Skip to main content
Part of complete coverage from

Was Tracy Morgan crash a crime or accident?

By Danny Cevallos
updated 12:07 PM EDT, Tue June 10, 2014
Actor Tracy Morgan is in critical condition after a six-vehicle accident in New Jersey early Saturday, June 7, authorities said. The former "Saturday Night Live" cast member and "30 Rock" star was riding in a limo bus when the accident occurred. Actor Tracy Morgan is in critical condition after a six-vehicle accident in New Jersey early Saturday, June 7, authorities said. The former "Saturday Night Live" cast member and "30 Rock" star was riding in a limo bus when the accident occurred.
HIDE CAPTION
Tracy Morgan's comedy career
Tracy Morgan's comedy career
Tracy Morgan's comedy career
Tracy Morgan's comedy career
Tracy Morgan's comedy career
Tracy Morgan's comedy career
Tracy Morgan's comedy career
Tracy Morgan's comedy career
Tracy Morgan's comedy career
Tracy Morgan's comedy career
Tracy Morgan's comedy career
<<
<
1
2
3
4
5
6
7
8
9
10
11
>
>>
STORY HIGHLIGHTS
  • Danny Cevallos: Trucker in Tracy Morgan crash charged with death by auto, assault by auto
  • In N.J. vehicular homicide from reckless driving
  • He says state must show conscious disregard of risk
  • Cevallos: Assault charge defines culpability based on severity of injuries

Editor's note: Danny Cevallos is a CNN legal analyst, criminal defense attorney and partner at Cevallos & Wong, practicing in Pennsylvania and the U.S. Virgin Islands. Follow him on Twitter @CevallosLaw. The opinions expressed in this commentary are solely those of the author.

(CNN) -- Truck driver Kevin Roper has been charged with death by auto and four counts of assault by auto in connection with the crash last weekend that killed comedian James McNair and injured comedian Tracy Morgan.

The question has arisen: Why was he charged with death by auto and aggravated assault before we even know how he was driving? In this sort of crash, what makes the difference between an accident and a crime?

Danny Cevallos
Danny Cevallos

The answers lie in the criminal code.

Homicide

Roper has been charged with "death by auto" in connection with the killing of James McNair. In New Jersey, homicide as a crime is divided into three different categories: murder, manslaughter and -- in a category by itself -- death by auto. Vehicular homicide is causing a death by driving a vehicle or vessel "recklessly."

There are two elements hidden in that definition. First, causation: The defendant has to have caused the death. It must be shown that the defendant caused the crash, the crash caused the death, and that the victim's death was foreseeable. The concept of recklessness, however, is a little more difficult to grasp. Recklessness and negligence are often spoken of together, but they are two very different points on a "mens rea" (state of mind) spectrum.

Criminal negligence is the least blameworthy state of mind. It's an "objective" standard, which means that we simply ask if an ordinary, reasonable person would have done the same act -- the act that created the risk in the first place. The prosecution doesn't have to prove that the defendant actually knew better, just that he should have known better.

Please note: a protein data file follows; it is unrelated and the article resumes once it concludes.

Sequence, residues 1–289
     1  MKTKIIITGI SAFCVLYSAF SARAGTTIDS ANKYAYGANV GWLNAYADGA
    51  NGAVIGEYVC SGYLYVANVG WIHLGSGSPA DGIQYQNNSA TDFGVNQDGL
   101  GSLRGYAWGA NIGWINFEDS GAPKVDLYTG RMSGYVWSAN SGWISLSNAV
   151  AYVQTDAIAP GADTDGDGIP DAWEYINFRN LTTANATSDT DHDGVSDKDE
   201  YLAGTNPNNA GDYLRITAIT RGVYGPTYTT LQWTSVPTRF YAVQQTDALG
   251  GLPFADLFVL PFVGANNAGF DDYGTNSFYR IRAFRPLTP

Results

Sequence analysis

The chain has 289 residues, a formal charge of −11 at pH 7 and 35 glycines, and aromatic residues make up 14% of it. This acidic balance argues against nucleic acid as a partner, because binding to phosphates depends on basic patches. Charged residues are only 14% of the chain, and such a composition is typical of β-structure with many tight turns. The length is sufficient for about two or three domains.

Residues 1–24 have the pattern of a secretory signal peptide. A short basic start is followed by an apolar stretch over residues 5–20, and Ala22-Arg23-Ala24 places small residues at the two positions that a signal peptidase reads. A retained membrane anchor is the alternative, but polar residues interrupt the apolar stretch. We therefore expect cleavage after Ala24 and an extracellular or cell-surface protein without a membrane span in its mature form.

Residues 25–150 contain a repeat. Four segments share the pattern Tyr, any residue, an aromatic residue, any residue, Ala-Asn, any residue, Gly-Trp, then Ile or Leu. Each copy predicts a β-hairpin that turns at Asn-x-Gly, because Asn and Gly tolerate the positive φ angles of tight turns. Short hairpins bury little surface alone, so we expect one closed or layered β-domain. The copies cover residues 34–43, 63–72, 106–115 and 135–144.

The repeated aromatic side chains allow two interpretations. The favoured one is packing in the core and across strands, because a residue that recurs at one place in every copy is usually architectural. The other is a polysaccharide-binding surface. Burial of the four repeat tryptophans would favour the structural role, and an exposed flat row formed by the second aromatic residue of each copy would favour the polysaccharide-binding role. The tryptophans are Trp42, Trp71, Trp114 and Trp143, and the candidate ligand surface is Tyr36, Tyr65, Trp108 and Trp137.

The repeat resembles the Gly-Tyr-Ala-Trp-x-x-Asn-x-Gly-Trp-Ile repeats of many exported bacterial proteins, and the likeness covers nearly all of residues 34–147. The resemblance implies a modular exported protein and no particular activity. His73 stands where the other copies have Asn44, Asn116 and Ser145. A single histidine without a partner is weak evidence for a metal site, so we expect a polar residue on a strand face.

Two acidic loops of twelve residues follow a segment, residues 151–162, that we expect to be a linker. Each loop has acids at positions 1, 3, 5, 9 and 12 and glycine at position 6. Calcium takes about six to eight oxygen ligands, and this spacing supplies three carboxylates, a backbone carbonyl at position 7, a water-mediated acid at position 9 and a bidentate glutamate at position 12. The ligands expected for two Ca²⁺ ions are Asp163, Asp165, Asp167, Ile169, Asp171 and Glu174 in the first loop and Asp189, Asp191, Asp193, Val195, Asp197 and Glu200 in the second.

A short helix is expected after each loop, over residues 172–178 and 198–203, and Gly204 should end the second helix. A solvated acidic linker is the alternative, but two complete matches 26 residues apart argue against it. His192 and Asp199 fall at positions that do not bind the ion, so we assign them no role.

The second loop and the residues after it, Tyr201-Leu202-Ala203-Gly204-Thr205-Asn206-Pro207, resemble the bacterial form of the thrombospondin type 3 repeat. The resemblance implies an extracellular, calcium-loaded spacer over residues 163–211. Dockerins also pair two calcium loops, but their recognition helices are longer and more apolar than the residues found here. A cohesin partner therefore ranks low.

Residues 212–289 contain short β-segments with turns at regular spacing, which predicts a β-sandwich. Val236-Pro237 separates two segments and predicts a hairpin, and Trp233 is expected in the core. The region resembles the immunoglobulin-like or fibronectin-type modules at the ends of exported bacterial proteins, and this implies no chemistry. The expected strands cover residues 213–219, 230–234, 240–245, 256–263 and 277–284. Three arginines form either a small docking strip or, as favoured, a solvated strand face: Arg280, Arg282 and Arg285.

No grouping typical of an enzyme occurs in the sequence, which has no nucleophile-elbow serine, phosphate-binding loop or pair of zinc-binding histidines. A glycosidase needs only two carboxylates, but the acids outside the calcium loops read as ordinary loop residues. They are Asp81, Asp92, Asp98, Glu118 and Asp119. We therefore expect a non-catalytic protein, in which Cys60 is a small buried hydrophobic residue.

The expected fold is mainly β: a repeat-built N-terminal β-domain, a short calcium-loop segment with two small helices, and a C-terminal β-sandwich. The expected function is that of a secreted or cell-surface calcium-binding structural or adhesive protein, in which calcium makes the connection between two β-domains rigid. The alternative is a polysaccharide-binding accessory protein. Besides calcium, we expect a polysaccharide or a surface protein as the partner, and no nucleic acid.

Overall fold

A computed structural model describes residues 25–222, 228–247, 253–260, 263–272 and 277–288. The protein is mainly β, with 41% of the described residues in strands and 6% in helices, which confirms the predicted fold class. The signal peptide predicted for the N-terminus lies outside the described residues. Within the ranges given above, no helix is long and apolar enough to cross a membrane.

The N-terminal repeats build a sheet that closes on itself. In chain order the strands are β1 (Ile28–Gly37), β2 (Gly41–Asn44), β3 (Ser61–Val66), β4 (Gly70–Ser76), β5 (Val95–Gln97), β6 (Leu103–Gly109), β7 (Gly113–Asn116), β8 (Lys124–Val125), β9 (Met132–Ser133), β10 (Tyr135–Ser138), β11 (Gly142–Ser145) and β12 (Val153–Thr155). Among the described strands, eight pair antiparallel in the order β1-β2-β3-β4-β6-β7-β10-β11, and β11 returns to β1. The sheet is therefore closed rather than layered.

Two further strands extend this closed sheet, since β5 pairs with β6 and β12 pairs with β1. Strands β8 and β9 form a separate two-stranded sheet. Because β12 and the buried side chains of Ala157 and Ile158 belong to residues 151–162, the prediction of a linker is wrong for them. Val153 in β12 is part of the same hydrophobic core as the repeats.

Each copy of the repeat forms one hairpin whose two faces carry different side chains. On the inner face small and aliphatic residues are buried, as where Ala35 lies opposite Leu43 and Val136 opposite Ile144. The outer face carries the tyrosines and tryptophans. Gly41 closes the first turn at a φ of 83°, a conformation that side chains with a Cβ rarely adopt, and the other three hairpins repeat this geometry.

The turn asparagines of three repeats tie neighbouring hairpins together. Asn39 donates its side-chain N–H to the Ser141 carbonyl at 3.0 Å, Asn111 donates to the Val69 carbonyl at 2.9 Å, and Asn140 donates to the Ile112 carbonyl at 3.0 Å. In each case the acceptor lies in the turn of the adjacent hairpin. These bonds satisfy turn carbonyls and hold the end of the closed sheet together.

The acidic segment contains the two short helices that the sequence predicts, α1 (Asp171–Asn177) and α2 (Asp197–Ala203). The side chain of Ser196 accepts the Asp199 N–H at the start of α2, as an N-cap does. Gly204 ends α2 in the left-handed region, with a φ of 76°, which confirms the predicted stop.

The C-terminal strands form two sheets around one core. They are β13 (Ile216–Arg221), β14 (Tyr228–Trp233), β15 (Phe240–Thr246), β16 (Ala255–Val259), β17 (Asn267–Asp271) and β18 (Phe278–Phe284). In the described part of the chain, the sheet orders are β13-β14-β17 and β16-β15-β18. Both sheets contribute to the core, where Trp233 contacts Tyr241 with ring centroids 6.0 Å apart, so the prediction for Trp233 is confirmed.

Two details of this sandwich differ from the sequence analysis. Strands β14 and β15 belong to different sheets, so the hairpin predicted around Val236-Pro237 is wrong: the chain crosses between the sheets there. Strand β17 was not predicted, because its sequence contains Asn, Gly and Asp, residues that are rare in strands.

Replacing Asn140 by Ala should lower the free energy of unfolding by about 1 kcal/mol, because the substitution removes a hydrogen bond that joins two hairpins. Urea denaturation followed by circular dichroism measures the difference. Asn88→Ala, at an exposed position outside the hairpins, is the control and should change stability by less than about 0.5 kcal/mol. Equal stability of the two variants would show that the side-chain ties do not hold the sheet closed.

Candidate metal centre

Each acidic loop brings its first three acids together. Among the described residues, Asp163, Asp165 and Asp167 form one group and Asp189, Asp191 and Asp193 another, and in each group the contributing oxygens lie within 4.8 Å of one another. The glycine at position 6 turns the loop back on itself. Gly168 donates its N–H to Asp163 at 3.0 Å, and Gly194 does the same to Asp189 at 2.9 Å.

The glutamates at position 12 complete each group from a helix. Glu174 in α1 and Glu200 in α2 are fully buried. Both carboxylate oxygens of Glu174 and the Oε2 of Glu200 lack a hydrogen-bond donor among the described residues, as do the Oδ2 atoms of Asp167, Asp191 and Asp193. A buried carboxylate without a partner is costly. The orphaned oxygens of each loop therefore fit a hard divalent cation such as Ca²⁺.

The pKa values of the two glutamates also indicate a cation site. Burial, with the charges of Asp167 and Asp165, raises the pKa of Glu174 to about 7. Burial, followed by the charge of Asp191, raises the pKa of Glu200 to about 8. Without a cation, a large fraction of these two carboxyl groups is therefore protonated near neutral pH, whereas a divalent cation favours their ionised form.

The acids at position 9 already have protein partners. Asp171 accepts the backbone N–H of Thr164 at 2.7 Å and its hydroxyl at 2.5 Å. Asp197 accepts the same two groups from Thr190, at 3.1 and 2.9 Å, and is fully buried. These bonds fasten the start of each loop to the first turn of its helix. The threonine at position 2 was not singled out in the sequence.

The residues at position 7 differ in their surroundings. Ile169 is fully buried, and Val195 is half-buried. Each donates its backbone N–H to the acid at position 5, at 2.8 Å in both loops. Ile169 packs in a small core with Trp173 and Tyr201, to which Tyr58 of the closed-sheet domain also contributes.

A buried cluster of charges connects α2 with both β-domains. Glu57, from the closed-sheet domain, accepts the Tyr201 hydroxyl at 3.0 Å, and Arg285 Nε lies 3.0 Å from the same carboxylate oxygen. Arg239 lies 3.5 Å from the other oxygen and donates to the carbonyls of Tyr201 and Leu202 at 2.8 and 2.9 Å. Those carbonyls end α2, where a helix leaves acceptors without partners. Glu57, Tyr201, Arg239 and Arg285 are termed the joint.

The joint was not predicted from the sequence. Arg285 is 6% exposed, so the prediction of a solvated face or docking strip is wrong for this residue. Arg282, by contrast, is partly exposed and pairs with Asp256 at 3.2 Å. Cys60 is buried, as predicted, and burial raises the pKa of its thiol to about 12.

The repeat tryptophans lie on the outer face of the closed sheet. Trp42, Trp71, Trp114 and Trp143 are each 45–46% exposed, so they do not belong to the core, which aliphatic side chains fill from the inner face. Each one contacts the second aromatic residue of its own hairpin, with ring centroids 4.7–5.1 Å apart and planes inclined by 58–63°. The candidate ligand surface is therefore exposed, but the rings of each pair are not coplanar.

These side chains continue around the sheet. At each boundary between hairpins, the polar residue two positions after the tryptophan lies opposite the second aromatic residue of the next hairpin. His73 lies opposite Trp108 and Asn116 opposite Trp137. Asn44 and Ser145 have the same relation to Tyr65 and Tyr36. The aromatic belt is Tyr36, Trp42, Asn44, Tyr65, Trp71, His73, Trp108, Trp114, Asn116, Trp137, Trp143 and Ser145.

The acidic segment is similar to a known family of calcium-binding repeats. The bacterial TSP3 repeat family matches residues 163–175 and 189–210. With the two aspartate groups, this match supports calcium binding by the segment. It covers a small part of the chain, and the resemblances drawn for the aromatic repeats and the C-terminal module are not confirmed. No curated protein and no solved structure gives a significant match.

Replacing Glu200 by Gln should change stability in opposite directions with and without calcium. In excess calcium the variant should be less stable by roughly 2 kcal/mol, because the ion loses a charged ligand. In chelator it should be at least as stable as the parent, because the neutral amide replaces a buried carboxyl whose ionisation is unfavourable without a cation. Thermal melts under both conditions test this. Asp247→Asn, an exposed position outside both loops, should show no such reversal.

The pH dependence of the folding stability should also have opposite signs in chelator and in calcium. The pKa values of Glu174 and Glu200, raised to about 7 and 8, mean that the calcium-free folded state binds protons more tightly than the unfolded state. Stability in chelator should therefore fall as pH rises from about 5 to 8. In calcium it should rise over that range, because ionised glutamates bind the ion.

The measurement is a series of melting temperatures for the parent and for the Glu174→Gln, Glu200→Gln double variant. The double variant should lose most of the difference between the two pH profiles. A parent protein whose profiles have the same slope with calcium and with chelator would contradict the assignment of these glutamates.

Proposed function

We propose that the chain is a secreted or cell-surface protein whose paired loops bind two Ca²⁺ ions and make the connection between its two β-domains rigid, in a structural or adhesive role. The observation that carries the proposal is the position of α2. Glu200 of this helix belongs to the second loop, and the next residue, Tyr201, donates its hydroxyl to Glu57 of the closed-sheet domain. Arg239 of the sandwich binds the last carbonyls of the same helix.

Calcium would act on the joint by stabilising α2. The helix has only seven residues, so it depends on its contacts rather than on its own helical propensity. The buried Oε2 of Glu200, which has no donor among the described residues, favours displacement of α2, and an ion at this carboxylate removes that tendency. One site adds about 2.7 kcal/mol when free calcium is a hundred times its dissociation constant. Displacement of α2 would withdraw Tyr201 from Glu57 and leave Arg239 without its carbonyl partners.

Recklessness is totally different. Both the negligent person and the reckless person create a risk of bodily injury, but the reckless person does so in conscious disregard of that risk. So, the state must prove beyond a reasonable doubt that this defendant's driving created a substantial and unjustifiable risk of bodily injury. With recklessness, the state must also prove that the defendant consciously disregarded this risk, which was a gross deviation from what a reasonable person would have done.

So how on earth does a prosecutor get into a defendant's brain to know what he was thinking at the moment of impact? The truth is that we never know for sure what a defendant actually thought -- unless, of course, the defendant tells us what he thought.

Driver: Tracy Morgan screamed in crash
Actor injured in multi-vehicle crash
Former 'SNL' star in intensive care

Often defendants give statements or admissions to the police that can be introduced against them in court. While it's true that hearsay (what the person told someone else) is supposed to be inadmissible, the admission of a criminal defendant is an exception to this rule. Of course, if a confession is obtained through compulsion or coercion, it is considered unreliable, and is inadmissible. But, as long as the state can prove conclusively that a confession was made voluntarily, it will be admissible.

But how often does a driver admit to police "I drove recklessly?" Not often. Therefore, the law also permits us to draw inferences about a person's state of mind, based just on their conduct. In fact, certain behavior is specifically considered reckless by the law. And that's where this defendant may find his words come back to haunt him -- even if he never uttered the words "reckless" to the police.

New Jersey's criminal code has this to say: "[p]roof that the defendant fell asleep while driving or was driving after having been without sleep for a period in excess of 24 consecutive hours may give rise to an inference that the defendant was driving recklessly."

The easiest way to find out a driver was dozing off is if he admits it. Since the defendant in this crash was alone, only he would be able to tell police if he was asleep. Even an offhand comment to investigators about "drifting off" would have dire consequences, because it all but establishes a major part of the case against him.